Despite the dollar’s early struggle against the euro and the British pound, commodities stepped back on Monday as the greenback recovered strength. New York silver, gold and platinum futures lost 1.7 percent, 0.1 percent and 2.9 percent respectively.
December crude-oil added to last week’s 6.6 percent loss and fell hard for the second straight session. It hit a 22-month low with a drop of $2.09, or 3.7 percent, to settle at $54.95 a barrel. According to AAA, the average price for unleaded gasoline fell to $2.087 a gallon.
December silver lost 15.9 cents to end at 9.33 an ounce.
January platinum plunged $24.50 to settle at $820.60 an ounce.
A small slice was pulled away gold’s 5.3 percent gain on Friday. The yellow metal fell slightly by 50 cents to close to $742 an ounce. Its lowest level for the day was at $729.60.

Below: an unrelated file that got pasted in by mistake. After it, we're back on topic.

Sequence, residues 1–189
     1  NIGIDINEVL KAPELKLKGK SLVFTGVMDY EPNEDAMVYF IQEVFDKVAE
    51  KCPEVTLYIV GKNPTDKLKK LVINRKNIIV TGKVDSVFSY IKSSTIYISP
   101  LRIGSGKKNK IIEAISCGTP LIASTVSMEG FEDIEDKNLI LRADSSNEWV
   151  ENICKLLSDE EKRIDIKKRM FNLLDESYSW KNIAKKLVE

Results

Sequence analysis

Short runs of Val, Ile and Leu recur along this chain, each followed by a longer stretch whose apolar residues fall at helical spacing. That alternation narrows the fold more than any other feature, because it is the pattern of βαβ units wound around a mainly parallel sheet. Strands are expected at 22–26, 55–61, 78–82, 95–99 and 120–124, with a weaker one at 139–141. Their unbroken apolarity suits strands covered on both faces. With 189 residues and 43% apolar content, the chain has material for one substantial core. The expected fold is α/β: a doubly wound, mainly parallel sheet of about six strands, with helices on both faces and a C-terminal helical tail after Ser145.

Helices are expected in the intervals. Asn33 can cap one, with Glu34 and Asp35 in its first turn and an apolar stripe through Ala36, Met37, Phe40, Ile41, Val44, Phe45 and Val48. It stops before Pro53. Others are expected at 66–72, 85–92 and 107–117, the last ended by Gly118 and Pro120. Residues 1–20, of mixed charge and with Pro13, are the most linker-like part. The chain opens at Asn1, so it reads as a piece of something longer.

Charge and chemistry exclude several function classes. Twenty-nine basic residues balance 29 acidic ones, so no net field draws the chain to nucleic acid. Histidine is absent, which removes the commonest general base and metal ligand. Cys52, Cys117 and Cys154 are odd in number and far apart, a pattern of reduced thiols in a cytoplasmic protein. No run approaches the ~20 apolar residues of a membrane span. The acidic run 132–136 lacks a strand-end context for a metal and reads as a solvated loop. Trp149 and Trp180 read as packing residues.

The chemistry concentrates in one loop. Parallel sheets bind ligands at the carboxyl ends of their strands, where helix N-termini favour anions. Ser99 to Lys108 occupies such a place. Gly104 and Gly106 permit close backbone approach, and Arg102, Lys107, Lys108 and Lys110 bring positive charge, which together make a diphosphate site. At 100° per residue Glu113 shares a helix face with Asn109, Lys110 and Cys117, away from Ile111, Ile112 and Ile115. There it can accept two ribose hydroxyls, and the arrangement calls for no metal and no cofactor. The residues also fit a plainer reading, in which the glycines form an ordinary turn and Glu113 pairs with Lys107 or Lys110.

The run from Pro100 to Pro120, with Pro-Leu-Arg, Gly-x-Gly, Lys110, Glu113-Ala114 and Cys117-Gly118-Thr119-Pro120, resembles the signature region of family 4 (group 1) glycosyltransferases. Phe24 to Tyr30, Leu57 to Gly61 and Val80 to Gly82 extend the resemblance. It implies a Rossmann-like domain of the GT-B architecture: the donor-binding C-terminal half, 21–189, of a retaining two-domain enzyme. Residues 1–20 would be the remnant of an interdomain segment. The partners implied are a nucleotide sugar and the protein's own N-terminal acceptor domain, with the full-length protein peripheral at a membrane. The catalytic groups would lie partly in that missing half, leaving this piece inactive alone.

"The dollar has the strength that it does because people are pulling their money home and going to cash," said Frank Lesh, a trader at FuturePath Trading LLC in Chicago. "Gold is just reacting to the dollar. There’s a loss in demand for all metals and commodities."
Gold, considered a hedge during times of high inflation and economic uncertainty, tends to follow oil and move opposite to the U.S. dollar. A rising greenback makes dollar-denominated commodities, like bullion, more expensive for holders of other world currencies. When prices are falling and economic activities are shrinking, gold prices tend to move lower.